* WHO MAY BE AFFECTED BY THESE FINDINGS? People with bipolar disorder, which can affect people of all ages and tends to run in families.
* CAVEATS Participants with other medical problems did better with standard therapy; those with better physical health had more success with the social rhythm therapy.
* FIND THIS STUDY September issue of the Archives of General Psychiatry; abstract available online at www.archgenpsychiatry.com,
* LEARN MORE ABOUT bipolar disorder at www.healthyminds.org and www.nimh.nih.gov.
Hand cleansers may keep kids from spreading GI illnesses.
* THE QUESTION As most any parent will attest, contagious diseases picked up at a child-care center spread readily from youngsters to other family members. Might the risk of passing on respiratory and gastrointestinal (GI) illnesses be lessened by the use of hand sanitizers at home?
* THIS STUDY randomly assigned 292 families (1,053 people) with at least one young child enrolled in child care outside the home to use or specifically not use alcohol-based hand sanitizers at home. Those using hand sanitizers also received biweekly mailings of hand-hygiene information, games and toys aimed at triggering awareness of hand cleanliness practices. The others were sent information about a healthy diet. After five months, families who used hand sanitizers had 59 percent fewer secondary GI illnesses -- i.e., those caught from a family member -- than those who did not use them. The rate of secondary respiratory illnesses differed little between the groups.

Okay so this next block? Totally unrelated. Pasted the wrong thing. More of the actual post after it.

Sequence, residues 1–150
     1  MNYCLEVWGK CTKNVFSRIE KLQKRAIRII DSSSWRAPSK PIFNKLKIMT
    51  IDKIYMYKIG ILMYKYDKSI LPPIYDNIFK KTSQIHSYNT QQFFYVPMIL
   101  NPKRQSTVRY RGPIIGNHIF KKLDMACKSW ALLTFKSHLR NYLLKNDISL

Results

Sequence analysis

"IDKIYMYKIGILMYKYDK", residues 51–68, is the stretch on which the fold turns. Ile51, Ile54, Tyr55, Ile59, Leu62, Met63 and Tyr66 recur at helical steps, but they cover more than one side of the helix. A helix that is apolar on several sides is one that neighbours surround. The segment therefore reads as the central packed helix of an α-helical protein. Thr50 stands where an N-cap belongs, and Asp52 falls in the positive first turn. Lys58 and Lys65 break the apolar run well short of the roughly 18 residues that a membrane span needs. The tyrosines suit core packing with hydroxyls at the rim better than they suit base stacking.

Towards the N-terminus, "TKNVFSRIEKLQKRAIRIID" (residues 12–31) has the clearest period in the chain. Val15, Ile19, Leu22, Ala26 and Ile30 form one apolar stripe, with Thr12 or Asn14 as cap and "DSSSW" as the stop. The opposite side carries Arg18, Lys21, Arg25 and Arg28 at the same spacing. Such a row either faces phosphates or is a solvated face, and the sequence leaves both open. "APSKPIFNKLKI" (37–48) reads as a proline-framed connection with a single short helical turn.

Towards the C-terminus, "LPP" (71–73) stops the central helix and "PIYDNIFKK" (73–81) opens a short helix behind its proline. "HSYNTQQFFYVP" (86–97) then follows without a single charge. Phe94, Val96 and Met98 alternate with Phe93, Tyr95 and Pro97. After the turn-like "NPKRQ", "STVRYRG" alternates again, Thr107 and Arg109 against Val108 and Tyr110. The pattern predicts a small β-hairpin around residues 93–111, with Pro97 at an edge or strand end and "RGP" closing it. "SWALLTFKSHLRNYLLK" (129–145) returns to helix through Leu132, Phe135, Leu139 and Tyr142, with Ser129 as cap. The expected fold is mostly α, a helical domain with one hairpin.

* WHO MAY BE AFFECTED BY THESE FINDINGS? Families with young children.
* CAVEATS At the start of the study, adult participants acknowledged cleansing their hands after changing a diaper or using the bathroom more often than after wiping a child's nose. The authors suggested that this tendency, if it continued throughout the study, may explain why there was little difference between the two groups in the transmission of respiratory illnesses. Findings were based on reporting of symptoms by participants rather than laboratory tests. The study was funded by a manufacturer of hand sanitizers.
* FIND THIS STUDY September issue of Pediatrics; abstract available online at www.pediatrics.org.
* LEARN MORE ABOUT health aspects of child care at www.medem.com (search for "controlling illness") and learn about the benefits of hand cleansing at http://nrc.uchsc.edu (search for "handwashing").
-- Linda Searing
The research described in Quick Study comes from credible, peer-reviewed journals. Nonetheless, conclusive evidence about a treatment's effectiveness is rarely found in a single study. Anyone considering changing or beginning treatment of any kind should consult with a physician.